In the past 50 years, the poultry industry has made tremendous advancements in production performance, resource utilization and environmental sustainability. However, mortality disposal remains a major challenge as traditional methods of carcass disposal such as burial, incineration, composting, and rendering pose significant risk (biosecurity, environmental pollution, odor, cost, etc.) to the future of the poultry industry.
In North America, approximately 1,500,000,000 pounds of broiler and 187,500,000 pounds of layer hen mortalities must be disposed of in a socially and environmentally sustainable manner without jeopardizing the biosecurity of the production facility nor the financial success of the producer.
What Did We Do
In response to growing concerns and regulatory requirements, an advanced thermal dehydration system has been developed for the disposition of poultry mortalities. This process utilizes simultaneous mixing and heating of the carcass materials in an enclosed drum to 194 F, which results in a 60% reduction in volume over a 12-hour cycle time.
Thermal Dehydration Process
This program was designed to understand the effectiveness, impacts, and opportunities of utilizing Agritech Thermal Disposal Systems thermal dehydration technology for the disposition of poultry mortalities in commercial poultry production facilities in the western United States.
What Have We Learned
Thermal dehydration technology has proven an effective, efficient, and easy method to manage poultry mortalities in commercial poultry production systems. Agritech Thermal Disposal Systems currently offers two models, a smaller single phase unit with a maximum capacity of 1300 pounds and a larger 3 phase unit with a maximum capacity of 2000 pounds per cycle.
The units are simple to operate, as all that is required is to load the mortalities and initiate the thermal dehydration process. There is no requirement for additional materials (carbon), mixing the materials nor manual cleanout, etc.. On average the unit requires 1 kilowatt of electricity per 9 pounds of mortalities processed. An economic analysis comparing thermal dehydration technology with currently used poultry mortality methods is presented below.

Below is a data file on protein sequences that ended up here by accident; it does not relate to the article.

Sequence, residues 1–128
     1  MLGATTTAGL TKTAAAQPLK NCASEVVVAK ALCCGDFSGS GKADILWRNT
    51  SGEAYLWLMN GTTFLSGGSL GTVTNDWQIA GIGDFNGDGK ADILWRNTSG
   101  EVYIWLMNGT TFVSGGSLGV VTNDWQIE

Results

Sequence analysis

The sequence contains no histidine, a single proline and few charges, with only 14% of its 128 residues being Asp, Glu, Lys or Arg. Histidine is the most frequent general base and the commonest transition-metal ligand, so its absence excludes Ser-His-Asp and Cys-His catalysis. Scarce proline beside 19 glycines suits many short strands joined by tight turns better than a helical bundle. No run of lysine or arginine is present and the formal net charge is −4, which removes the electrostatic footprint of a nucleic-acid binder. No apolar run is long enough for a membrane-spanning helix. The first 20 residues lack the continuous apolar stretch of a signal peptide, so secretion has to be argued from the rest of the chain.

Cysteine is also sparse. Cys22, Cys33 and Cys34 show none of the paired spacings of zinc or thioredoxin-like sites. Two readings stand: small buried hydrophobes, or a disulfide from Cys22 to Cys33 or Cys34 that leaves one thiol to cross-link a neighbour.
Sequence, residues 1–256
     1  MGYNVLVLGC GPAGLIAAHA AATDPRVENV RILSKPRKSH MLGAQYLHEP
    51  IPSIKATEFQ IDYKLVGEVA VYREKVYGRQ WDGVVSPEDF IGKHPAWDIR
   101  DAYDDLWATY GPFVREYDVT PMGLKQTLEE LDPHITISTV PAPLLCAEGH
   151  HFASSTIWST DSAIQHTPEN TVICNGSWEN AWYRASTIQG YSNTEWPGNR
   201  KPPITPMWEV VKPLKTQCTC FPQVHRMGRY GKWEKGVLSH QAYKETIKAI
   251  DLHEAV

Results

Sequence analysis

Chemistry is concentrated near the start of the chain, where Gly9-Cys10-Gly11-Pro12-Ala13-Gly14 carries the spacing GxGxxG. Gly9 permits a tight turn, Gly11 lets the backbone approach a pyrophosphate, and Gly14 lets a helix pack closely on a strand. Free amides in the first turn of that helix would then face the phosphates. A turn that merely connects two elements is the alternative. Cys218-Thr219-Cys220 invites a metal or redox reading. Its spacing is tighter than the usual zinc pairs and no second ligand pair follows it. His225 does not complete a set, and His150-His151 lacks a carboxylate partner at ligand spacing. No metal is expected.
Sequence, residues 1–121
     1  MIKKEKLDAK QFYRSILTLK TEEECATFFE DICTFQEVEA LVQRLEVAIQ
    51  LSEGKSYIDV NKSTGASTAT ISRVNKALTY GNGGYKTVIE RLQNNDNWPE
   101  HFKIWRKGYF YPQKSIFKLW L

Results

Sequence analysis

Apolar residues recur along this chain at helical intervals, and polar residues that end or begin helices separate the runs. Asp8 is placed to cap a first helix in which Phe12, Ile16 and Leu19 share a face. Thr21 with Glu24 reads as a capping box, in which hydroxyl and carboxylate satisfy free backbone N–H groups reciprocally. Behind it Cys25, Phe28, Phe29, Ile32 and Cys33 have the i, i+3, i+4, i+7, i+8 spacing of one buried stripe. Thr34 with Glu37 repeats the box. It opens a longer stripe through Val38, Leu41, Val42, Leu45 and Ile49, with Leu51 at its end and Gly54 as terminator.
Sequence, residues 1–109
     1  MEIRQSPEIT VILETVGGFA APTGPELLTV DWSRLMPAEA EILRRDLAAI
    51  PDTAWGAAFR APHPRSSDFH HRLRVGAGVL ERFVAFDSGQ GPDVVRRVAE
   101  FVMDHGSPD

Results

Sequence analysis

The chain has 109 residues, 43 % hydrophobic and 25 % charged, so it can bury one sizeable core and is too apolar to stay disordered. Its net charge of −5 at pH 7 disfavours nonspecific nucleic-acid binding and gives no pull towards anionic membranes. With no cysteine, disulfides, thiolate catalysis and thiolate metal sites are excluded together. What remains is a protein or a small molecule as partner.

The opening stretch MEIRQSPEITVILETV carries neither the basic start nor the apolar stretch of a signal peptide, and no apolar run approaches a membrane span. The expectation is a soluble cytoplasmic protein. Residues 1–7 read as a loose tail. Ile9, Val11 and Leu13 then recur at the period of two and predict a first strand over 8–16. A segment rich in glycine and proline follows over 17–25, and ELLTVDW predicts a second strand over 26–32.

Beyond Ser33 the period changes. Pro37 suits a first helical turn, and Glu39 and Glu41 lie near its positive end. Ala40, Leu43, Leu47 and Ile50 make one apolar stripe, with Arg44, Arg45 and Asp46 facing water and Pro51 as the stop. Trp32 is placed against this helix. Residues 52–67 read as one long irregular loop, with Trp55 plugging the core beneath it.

|Mortality Disposal Comparison|
|20 Year Analysis|
|Based on processing 1000 lbs mortality per day|
|Rendering||Traditional Incinerator||High Efficiency Dual Burner Incinerator||Rotary Composter||TDS 1300|
|Fuel Source||LPG||LPG||Wood shavings||Electrical|
|Amount||2.5 gph||2.5 gph||3:1 ratio||1kW/9 lbs|
|Fuel per cycle||30 gallons||11.24 gallons||3000lbs||111kW|
|Cost per cycle||$75||$75||$28||$42.5||$12.5|
|Cost per week||$526||$525||$197||$298||$88|
|Cost per year||$27,300||$27,300||$10,238||$15,470||$4,565|
|Cost per 20 year||$546,000||$546,000||$204,750||$309,400||$91,291|
|Annual service cost||$1,200||$835||$200||$200|
|Replacement time (yr)||5||6.67||20||20||20|
|20 year equipment cost||$5,000||$36,000||$2,972||$65,000||$55,000|
|500G propane tank||$2,000||$2,000|
|Handling||Carcass handling cost equal|
|Fuel Cost||2.50$/gallon; 11.30 cents per KWh|
|Rendering Cost||$0.75 per pound rendering pickup|
|Woodshavings:||Average 37 lbs/cubic foot|
|Utilize 3 cubic yards per day|
|1500$/100 yard load delivered ($15/yd)|
|Recycle 50% from produced compost|
|Plus 30 minutes additional handling per day-20$|
Based on industry performance statistics, a 100,000 head broiler facility would produce approximately 3 supersacks/totes of “meat powder” per flock. The resultant “meat powder” is a stable, odor free, sterile byproduct which can be field applied, integrated into commercial fertilizer or utilized in further processing. Compositional analysis has consistently demonstrated a moisture content of approximately 20%, a nitrogen level of 10%, phosphorus of 0.5% and potassium of 0.6%.
The range in particle size of the resultant “meat powder” was determined through sieve testing in accordance with ANSI/ASAES319, with an average particle size of 560 microns with a standard deviation of 5.06.
Environmental impact analysis of the thermal dehydration process of poultry mortalities has demonstrated that there are no visible emissions from the thermal dehydration unit, other than water vapor.
Further emissions testing has shown total particulate emission rate averaged 0.0066 lb./operating hour, semi-volatile Organic Compounds (SVOCs) were all below the minimum detectable limit and the total combined speciated Volatile Organic Compounds (VOCs) emission rate averaged 0.0067 lb./operating hour, with all individual compounds below regulatory thresholds.
The long-term evaluation program of thermal dehydration technology for the disposition of poultry mortalities continues, with special emphasis on understanding the opportunities to utilize the “meat powder”. These efforts include conducting amino acid profiling, understanding the impacts on quality from long-term storage and determining the optimal handling system.
Thermal dehydration technology has gained international approval for the disposition of animal mortalities, has recently been permitted by the Texas Commission on Environmental Quality and is currently undergoing regulatory review in numerous jurisdictions throughout the United States.
Jeff Hill, President, Livestock Welfare Strategies
Danny Katz, Agritech Thermal Disposal Systems, Anissa Purswell, Eviro-Ag Engineering, Inc.
H and R Agricultural Solutions LLC 1592 Southview Circle Center, Texas 75935
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